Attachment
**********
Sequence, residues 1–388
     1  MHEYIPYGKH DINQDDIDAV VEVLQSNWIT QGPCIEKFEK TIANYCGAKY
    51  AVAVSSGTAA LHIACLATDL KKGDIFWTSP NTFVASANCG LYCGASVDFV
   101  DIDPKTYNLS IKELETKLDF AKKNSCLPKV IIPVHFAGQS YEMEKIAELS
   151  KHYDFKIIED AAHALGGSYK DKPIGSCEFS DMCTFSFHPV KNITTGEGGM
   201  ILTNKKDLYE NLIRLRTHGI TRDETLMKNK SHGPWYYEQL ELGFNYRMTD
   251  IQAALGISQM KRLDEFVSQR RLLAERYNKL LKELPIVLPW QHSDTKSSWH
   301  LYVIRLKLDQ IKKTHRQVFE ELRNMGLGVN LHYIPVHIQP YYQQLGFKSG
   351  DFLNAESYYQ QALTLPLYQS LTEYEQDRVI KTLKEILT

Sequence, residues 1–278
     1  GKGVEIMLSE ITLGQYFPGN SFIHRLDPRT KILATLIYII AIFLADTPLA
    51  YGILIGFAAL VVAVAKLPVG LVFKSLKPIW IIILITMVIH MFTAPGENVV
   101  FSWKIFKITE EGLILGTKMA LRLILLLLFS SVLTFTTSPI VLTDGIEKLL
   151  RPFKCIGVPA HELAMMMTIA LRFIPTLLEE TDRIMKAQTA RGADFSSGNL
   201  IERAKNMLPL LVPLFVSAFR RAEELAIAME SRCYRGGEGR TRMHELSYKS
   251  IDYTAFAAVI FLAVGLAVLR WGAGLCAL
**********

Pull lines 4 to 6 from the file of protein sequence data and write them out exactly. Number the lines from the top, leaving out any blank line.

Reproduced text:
   101  DIDPKTYNLS IKELETKLDF AKKNSCLPKV IIPVHFAGQS YEMEKIAELS
   151  KHYDFKIIED AAHALGGSYK DKPIGSCEFS DMCTFSFHPV KNITTGEGGM
   201  ILTNKKDLYE NLIRLRTHGI TRDETLMKNK SHGPWYYEQL ELGFNYRMTD